“This is one-off football. If you win, you go on. If you lose, well that’s that,” said Paul Buckle, head coach of second-tier side Sacramento Republic who are currently on an Open Cup run for the ages. “And if I say so myself, this is something I know a little bit about.”
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He won’t brag – he’s not the kind – but Buckle was making a point of inciting Cup chaos long before his United Soccer League (USL) side laid a 4-1 rout on Real Salt Lake in the Fourth Round of the 2017 U.S. Open Cup. He was the brains behind one of the biggest FA Cup upsets in the English competition’s long history. On a frosty January day in 2013, the kind that turns your breath to clouds, he took his Conference dwellers Luton Town to then Premier Leaguers Norwich City and left Carrow Road on cloud nine. The game ended 1-0 to his intrepid underdogs and was the first time in the Premier League era that a non-league side beat a club from the top-flight. The gap between the two teams – not just financially, but in every conceivable category of measure – was immense.
“You just asking me about it makes my hair stand on end,” Buckle said, after a meaningful pause, thinking back on a day that will live long in the lore of the FA Cup. “You can fancy your chances at home. There’s comfort there, even for small teams, and you think maybe it can go your way. But away, that’s not very realistic,” the coach added, caught up in the moment, speaking slowly and deliberately. “You know, Harry Kane was on the pitch that day for Norwich,” he chuckled, drawn into the memory of that special day not long ago but many miles away. “He was on loan from Spurs and I was delighted when he went off at the half.”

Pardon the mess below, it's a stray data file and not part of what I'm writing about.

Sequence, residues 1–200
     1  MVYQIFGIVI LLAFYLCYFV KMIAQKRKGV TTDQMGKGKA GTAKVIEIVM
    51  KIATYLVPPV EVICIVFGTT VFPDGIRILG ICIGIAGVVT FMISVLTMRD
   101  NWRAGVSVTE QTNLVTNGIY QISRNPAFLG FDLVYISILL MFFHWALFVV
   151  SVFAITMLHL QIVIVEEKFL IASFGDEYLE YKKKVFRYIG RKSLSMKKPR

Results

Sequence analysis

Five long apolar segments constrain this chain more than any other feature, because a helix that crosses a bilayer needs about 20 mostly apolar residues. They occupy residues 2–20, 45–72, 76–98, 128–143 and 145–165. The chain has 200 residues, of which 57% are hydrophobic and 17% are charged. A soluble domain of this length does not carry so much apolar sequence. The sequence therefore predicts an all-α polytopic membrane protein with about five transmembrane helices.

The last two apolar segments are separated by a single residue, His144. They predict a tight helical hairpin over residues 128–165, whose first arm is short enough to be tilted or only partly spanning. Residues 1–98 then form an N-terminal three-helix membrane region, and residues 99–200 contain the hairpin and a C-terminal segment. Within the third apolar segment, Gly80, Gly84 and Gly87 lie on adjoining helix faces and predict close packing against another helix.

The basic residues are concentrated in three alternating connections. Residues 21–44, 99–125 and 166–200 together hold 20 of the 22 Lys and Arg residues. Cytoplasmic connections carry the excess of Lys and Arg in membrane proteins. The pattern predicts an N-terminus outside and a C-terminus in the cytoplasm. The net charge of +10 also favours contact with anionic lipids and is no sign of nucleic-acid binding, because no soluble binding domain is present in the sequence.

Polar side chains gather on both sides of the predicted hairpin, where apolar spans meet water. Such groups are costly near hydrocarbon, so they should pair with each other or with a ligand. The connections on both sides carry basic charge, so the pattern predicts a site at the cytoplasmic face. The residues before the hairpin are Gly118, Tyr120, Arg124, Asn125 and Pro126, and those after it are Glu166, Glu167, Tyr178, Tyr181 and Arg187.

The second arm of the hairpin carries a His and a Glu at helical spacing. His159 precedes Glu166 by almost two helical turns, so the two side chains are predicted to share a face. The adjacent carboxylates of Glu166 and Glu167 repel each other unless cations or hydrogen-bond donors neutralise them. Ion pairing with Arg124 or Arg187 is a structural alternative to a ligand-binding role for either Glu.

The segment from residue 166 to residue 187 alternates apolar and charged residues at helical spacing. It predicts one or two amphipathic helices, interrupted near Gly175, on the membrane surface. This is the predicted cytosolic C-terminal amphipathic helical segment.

“We got our goal and hung on,” Added Buckle, who set his side up to hang back and counter-attack. “When the final whistle went, there was this moment where we all knew we’d done something that had never been done, that many thought couldn’t be done.”
New Life, New Land, New Cup
Fast forward a few years and Buckle is a long, long way from home. Six thousand miles away give or take, in California’s capital, he’s far from the rutted pitches of England’s lower tiers where he spent nearly 20 years as a player. The sun shines most days in Sacramento and rain is a novelty. But the coach is still entangled in a love affair with a Cup – this time the 104-year-old U.S. Open Cup – and he’s brought the lessons learned on the other side of the Atlantic with him. His expertise was crucial in orchestrating the Fourth Round upset of Real Salt Lake, one of the biggest shocks of the competition so far. With a CV like Buckle’s, no one should be surprised and upcoming opponents, LA Galaxy, would do well to take note.
“You can’t deny the connection between the FA Cup and the Open Cup,” said the coach, just 46, who ended up in the States when his wife Rebecca Lowe – familiar to anyone who watches Premier League TV coverage in America – took a job with NBC. “We’re not afraid of going up against teams from MLS.”